The annual march has become a flashpoint for historical tensions in Latvia
Hundreds of Latvian veterans who fought on the side of Nazi Germany in World War II have held a peaceful march in the capital, Riga.
The veterans laid flowers at Riga's Freedom Monument. Police said about 1,000 people took part.
The annual march is a flashpoint for tension between the veterans and ethnic Russians whose relatives fought against the Nazis.
The veterans fought in a legion commanded by Nazi Germany's Waffen SS.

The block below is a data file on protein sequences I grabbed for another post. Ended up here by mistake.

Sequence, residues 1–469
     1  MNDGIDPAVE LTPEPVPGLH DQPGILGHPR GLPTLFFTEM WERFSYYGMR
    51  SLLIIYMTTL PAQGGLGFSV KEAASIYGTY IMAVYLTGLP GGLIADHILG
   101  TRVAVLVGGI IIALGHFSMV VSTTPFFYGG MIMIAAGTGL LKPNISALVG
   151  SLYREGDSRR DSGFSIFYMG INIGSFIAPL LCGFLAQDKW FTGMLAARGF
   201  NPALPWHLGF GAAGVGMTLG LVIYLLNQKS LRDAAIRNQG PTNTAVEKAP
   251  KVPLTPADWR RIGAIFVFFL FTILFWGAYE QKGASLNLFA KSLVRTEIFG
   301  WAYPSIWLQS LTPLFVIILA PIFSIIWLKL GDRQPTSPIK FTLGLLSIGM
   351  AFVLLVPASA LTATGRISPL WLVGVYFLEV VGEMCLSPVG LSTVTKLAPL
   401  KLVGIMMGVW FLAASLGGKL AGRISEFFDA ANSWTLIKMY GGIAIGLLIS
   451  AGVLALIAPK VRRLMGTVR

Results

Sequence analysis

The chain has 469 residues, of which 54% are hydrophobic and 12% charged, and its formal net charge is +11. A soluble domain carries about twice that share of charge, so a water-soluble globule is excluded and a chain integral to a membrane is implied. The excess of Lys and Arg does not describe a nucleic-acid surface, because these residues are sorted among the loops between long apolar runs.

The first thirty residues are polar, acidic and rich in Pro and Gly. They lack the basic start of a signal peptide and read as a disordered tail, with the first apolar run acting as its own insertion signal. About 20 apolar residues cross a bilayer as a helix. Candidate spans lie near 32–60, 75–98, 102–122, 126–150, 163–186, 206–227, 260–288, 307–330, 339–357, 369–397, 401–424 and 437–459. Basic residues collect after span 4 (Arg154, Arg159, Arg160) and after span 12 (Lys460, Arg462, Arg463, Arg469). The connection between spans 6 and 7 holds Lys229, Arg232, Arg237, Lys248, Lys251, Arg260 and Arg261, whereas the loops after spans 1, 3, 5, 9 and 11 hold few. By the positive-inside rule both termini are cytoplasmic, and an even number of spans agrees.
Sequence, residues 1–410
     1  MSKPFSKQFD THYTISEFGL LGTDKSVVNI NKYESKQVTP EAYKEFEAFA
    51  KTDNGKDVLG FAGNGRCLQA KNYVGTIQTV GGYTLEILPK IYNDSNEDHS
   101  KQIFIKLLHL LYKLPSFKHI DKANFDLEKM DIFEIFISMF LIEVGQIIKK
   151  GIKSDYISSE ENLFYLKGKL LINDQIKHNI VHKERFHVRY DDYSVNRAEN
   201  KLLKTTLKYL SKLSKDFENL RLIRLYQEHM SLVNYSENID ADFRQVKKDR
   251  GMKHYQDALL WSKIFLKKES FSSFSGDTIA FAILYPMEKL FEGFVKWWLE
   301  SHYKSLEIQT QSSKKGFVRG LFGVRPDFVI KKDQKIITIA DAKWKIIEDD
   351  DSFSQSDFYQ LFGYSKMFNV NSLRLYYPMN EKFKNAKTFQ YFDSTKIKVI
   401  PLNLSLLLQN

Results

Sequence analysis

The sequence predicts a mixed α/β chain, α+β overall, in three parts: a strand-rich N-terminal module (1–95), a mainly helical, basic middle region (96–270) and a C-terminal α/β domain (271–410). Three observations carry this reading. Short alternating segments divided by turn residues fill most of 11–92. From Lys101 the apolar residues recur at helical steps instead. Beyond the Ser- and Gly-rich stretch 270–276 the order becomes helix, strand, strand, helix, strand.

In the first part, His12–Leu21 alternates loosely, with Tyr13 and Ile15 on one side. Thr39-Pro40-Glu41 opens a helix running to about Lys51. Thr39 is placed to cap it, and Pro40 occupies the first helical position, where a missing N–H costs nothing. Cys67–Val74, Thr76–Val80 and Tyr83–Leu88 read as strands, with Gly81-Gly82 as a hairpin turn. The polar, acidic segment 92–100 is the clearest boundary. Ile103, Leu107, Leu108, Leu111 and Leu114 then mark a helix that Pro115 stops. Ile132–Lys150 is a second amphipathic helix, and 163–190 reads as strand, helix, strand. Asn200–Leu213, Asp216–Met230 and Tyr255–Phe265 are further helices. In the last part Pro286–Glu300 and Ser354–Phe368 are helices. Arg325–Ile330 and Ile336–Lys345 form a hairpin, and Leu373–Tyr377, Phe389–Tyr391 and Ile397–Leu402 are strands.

The city council in Riga had tried to ban this year's march and a counter-demonstration, but protesters from both sides had the ban overturned.
Dozens of people turned out to heckle the veterans during the parade, which was protected by a heavy police presence.
Latvia was annexed by the Soviet Union in 1940. The Nazis took over in 1941 before the Red Army returned in 1944.
The veterans from the Nazi-run units say they were defending their nation against the Soviet invasion, and that they were conscripts, not volunteers.